The algorithms will force us to respect the rules: here are the characteristics of the law of the future


In his 2008 book Future Politics, Jamie Susskind defines digital law stating, “there is no law prohibiting infringements: there is only one law, in the form of a code, which directs digital systems to apply certain sanctions in certain circumstances to those who commit a violation.”


Digital law, says Susskind, differs from traditional law on three points:

  1. It is a law that self-applies and does not require traditional law enforcement.
  2. Real time application obliges citizens not to break the law.
  3. It is adaptive; it changes in relation to the external environment.


Under digital law, parking in no parking zones or exceeding speed limits will become practically impossible. AI systems incorporated into cars will prevent drivers from exceeding the allowed limits and from parking in illegal areas.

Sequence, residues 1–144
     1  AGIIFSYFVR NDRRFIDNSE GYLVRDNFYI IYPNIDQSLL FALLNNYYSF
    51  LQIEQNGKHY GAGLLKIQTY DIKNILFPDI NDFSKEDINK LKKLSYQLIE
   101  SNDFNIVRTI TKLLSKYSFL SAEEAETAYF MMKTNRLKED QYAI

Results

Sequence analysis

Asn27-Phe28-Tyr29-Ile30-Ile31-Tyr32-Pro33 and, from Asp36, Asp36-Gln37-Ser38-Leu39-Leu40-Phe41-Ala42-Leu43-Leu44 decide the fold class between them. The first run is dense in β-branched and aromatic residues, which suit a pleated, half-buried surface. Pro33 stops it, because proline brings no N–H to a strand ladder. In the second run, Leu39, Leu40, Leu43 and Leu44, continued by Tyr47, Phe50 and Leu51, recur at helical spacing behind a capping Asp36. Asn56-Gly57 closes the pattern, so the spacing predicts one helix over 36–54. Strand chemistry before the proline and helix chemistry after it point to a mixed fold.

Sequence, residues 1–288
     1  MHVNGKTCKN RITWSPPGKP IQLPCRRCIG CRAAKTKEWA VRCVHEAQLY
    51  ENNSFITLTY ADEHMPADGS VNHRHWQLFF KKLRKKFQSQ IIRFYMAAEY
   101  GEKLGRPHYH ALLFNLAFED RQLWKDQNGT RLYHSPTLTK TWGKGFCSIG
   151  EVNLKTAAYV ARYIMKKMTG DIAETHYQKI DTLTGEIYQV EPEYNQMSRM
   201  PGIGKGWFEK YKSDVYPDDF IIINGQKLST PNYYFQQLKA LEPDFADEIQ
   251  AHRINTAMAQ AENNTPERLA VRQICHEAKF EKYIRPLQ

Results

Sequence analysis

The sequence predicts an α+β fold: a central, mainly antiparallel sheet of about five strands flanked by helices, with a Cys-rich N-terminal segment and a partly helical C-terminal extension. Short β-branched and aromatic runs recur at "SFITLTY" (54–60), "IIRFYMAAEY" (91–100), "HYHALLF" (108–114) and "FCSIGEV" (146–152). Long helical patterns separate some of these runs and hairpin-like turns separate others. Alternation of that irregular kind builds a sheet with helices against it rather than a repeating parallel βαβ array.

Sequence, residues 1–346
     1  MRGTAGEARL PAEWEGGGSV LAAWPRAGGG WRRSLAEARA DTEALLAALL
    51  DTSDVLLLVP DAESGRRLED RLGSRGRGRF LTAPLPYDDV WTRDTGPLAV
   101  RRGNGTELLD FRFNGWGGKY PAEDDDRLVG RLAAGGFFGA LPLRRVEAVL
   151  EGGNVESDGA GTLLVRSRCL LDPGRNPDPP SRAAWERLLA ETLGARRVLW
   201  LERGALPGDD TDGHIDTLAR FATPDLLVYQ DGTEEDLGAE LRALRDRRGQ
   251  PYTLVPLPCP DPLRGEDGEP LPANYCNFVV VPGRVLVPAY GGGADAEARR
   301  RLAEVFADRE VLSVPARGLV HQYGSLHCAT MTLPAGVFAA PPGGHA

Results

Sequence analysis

With the possibility of digital law, instead of having static speed limits, limits are set in real time according to the traffic conditions and driver history. If the weather is clear and there is no traffic, cars will be able to move faster. A driver who has never had an accident will be able to travel at a faster speed than one who has caused many.


Laws are made up of rules and standards. While the rules are strict (it is not possible to exceed 130Km/h), the standards are gray areas (drive carefully if it is foggy) within which it is up to the person to decide how to behave.


Until the development of artificial intelligence, it was thought that the rigidity of law could only be applied to rules and not to standards. Today, however, says Jamie Susskind, we have artificial intelligence available to advise us on the best possible behavior under certain conditions. Law in the future is self-applying and will be able to adapt to the external environment.